By NQOBANI NDLOVU
BULAWAYO City Council (BCC) has attributed its failure to timely attend to pipe bursts on fuel challenges amid revelations the local authority is receiving as many as 50 reports daily.
Ageing infrastructure has also been blamed for the constant pipe bursts.
The BCC in 2016 launched the Bulawayo Water and Sewerage Services Improvement Project (BWSSIP) to rehabilitate and upgrade water treatment facilities, water distribution, sewer drainage networks and wastewater treatment disposal facilities in the city.
The project, bankrolled by the African Development Bank (AfDB), was expected to be complete by December 2020.
The project remains incomplete owing to COVID-19-induced disruptions, while pipe bursts have become common as the city’s infrastructure is aged beyond repair.
Council spokesperson Nesisa Mpofu admitted that pipe bursts have become a common feature in the city, adding that fuel challenges were hampering timely repairs.
“The issue of sewer that you touched on, as mentioned, it’s ageing infrastructure and occasionally we do have problems with input, for instance, these last two to three weeks we had challenges with fuel and we slowed down in terms of our responsiveness clear,” Mpofu said during a Bulawayo Progressive Residents Association (BPRA)-organised webinar.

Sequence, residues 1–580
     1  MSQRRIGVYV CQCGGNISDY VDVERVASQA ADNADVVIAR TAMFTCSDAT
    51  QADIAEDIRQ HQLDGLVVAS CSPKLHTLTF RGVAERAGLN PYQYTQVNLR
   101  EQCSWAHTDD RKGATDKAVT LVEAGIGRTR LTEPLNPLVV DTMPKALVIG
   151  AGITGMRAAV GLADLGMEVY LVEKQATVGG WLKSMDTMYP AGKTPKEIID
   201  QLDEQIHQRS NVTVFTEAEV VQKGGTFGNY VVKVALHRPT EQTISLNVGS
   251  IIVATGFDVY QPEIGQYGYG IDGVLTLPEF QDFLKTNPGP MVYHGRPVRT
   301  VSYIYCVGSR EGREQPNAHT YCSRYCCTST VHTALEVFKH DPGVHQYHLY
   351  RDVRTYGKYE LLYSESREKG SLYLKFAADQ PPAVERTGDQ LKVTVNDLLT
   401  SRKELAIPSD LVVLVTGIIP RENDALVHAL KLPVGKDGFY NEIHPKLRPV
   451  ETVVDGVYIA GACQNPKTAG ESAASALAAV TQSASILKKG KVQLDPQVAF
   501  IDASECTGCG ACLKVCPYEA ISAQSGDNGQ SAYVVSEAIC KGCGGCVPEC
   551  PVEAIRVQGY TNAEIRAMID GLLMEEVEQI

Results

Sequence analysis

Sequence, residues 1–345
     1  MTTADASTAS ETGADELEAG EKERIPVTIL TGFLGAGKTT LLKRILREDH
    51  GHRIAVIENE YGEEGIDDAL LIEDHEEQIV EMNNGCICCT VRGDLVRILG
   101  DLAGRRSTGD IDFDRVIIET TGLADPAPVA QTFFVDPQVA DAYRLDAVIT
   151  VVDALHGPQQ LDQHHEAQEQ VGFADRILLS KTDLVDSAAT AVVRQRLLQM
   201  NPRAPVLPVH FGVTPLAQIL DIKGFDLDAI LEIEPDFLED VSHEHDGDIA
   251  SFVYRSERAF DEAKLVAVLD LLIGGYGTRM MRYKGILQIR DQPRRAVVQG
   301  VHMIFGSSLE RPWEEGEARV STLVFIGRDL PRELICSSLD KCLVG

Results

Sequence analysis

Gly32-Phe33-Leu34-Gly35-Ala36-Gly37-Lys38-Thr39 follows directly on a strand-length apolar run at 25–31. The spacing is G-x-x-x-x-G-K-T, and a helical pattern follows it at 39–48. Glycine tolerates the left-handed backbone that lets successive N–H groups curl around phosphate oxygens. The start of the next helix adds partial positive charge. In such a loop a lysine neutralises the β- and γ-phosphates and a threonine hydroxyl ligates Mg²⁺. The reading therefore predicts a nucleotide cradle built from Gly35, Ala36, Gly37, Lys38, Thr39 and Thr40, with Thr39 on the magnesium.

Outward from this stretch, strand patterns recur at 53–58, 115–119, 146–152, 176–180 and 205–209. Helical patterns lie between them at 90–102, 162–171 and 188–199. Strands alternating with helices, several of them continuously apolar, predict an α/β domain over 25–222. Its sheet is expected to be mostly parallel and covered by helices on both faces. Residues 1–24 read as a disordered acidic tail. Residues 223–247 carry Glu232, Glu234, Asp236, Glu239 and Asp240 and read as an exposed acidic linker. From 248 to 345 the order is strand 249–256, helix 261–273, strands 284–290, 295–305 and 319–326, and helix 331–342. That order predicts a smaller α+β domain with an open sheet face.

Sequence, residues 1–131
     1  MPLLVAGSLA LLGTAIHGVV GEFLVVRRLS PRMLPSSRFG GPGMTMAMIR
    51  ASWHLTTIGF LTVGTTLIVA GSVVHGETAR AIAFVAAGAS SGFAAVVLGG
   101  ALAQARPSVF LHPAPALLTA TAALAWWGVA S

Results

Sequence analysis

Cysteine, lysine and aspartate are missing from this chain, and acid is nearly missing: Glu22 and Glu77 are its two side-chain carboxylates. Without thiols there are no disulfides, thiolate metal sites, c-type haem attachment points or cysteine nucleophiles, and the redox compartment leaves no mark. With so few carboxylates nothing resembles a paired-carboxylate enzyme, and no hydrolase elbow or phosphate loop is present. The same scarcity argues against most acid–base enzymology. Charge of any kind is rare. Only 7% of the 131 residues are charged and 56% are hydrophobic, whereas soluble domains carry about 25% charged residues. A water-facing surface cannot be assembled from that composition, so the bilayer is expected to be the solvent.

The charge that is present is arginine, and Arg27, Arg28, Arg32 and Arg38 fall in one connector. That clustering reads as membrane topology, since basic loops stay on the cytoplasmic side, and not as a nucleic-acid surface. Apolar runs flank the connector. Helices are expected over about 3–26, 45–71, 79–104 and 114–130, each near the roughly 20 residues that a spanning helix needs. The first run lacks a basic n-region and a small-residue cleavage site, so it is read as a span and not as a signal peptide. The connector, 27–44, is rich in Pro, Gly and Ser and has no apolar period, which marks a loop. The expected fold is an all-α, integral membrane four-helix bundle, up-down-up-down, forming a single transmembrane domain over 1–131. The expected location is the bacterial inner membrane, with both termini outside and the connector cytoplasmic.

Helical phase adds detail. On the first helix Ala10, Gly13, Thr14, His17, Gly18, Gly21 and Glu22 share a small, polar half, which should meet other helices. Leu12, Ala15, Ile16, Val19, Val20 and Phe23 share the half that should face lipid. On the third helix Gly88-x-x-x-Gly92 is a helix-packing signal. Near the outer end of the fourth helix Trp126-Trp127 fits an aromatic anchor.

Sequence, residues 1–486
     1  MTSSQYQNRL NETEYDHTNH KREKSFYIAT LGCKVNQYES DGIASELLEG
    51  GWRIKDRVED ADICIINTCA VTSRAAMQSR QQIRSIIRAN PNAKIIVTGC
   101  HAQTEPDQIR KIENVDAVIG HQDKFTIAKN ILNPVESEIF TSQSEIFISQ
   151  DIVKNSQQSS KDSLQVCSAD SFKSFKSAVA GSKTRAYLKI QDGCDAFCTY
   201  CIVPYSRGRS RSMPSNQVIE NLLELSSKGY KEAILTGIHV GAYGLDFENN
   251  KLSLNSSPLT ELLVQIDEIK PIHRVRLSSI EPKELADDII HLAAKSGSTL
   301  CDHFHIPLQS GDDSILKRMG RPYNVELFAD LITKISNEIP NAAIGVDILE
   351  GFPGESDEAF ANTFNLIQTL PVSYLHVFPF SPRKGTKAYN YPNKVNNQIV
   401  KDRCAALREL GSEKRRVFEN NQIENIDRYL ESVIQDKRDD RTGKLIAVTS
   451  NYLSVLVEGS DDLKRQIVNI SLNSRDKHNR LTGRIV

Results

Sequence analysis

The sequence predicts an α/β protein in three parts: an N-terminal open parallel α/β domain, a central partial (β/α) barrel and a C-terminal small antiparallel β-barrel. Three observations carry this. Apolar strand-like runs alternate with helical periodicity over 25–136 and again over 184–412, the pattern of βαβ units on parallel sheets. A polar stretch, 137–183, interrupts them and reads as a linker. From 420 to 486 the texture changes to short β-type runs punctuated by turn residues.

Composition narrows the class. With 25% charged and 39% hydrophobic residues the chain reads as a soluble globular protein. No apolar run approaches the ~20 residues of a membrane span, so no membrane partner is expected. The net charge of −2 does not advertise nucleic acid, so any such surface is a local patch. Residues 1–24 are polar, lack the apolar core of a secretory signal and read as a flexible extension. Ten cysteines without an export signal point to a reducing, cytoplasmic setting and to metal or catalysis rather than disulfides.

The BPRA event was held under the topic A Focus On Access To Water’, Valuing Water”.
“For instance, our backlog when it comes to sewer within the city itself, it goes into 185, that was last week and we get in a day over 50 reports which we have to clear.
There are a lot of carryovers and thus all talking to infrastructure that needs to be rehabilitated.”
BPRA secretary for water, Joseph Nkomazana had raised fears of diarrhoea and cholera outbreaks because of the sewer bursts.
“They (burst sewers) are now a daily thing…it is the most dangerous thing, remember what happened in Luveve. All the 29 suburbs are talking about the sewer bursts,” Nkomazana said.
In 2020, a diarrhoea outbreak claimed 13 lives and infected several thousands of people in Luveve and was blamed on contaminated water due to pipe bursts, resulting in sewage seepage into water pipes.
The city also continues to lose water due to pipe bursts and leaks owing to ageing infrastructure, with an average of 200 faults received per day.
Since the BWSSIP’s inception, four pumps have been replaced and 141 kilometres of network in Magwegwe and Criterion reservoir areas rehabilitated.
Similarly, water mains have been upgraded.